Willpower is great. It works perfectly when we hit a deadline or need to do one specific task. Think tax return. Ironing your shirts. Taking the do for a walk. If you don’t do it, you will face immediate consequences: a fine from HMRC, no shirts tomorrow or.. (well, you can guess!)
But if you want to make long term changes like eating healthier, or need to do something on an ongoing basis like adding some exercise to your life, willpower doesn’t work. It’s like a muscle, it wears out.
Everybody got willpower between breakfast and lunch. Then, life happens: your meeting runs over, you don’t have time to eat well at lunch, maybe you are stressed. Other things take precedence, you lose your focus and your willpower weakens.
Long term changes need a different strategy, because the benefits are not visible or measurable immediately. Food does not work like a paracetamol and change doesn’t happen overnight. You don’t see any immediate effects of eating healthier or going to the gym. No matter how hard you try or how well you do. Working out in the gym for 4 hrs will not change your body. But if you go 3 times a week, you will see results. It’s not about intensity, it’s about consistency.
Here are a few strategies that can help:
1. Make a decision.
There’s no room for ‘I really should…’ Find your very own motivation, why you want to change. What does reaching your goal mean to you? My clients always come up with great reasons: fitting in the perfect suit, finally having the confidence to go for that dram job, getting more done in less time and impress the colleagues, playing with the kids for hours... the list is long! Find your own 'Why"!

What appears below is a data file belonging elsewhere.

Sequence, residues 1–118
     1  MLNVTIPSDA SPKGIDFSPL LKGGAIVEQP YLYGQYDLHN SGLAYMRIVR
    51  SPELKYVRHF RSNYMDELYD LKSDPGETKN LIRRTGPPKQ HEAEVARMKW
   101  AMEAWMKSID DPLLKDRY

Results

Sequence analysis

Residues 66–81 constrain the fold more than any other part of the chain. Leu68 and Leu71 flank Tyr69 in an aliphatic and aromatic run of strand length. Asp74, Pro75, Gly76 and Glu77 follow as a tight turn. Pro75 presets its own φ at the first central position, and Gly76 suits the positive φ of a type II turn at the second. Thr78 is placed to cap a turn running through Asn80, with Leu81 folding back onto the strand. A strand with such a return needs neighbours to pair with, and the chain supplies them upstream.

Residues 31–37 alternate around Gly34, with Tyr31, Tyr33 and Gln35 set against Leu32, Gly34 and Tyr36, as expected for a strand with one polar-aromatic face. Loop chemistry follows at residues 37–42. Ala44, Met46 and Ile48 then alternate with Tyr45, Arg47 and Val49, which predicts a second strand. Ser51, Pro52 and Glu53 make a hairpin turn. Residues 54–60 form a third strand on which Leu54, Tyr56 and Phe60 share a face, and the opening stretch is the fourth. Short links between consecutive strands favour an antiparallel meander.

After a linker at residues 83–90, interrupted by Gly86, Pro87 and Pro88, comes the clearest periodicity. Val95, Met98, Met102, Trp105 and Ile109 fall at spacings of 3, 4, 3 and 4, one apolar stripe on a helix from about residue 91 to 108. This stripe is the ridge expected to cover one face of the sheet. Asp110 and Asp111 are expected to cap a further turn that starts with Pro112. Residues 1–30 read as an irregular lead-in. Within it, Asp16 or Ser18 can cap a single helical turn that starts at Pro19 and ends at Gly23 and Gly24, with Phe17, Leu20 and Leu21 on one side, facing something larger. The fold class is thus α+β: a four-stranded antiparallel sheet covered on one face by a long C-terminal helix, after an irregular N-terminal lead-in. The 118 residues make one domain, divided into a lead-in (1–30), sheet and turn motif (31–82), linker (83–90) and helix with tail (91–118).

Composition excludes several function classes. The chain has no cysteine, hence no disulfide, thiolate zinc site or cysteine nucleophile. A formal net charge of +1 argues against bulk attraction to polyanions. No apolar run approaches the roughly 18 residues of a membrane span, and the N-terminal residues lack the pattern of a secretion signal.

2. Make your new behaviour a habit.
You don’t need willpower to brush your teeth. You do it automatically. If you adopt micro habits (a tiny little behaviour which can be bolted on to an already existing habit), it gets easier:
3. Hold yourself accountable. Or find someone who holds you accountable. My clients appreciate that I provide this positive accountability – it’s not about judging or telling you off. It’s about finding strategies that work for you. For good.
4. Prepare your environment (Benjamin Hardy has written a great book about it) and change it if needed. Go through your cupboards, remove all unhealthy foods. If you decide to work out in the morning, pack your gym bag the night before. Surround yourself with people who eat well, live healthy and infect you with their enthusiasm.
5. Believe it. If you fundamentally believe that what you do is the right thing, you can completely forget about willpower and stick with it. And your consistency will pay off.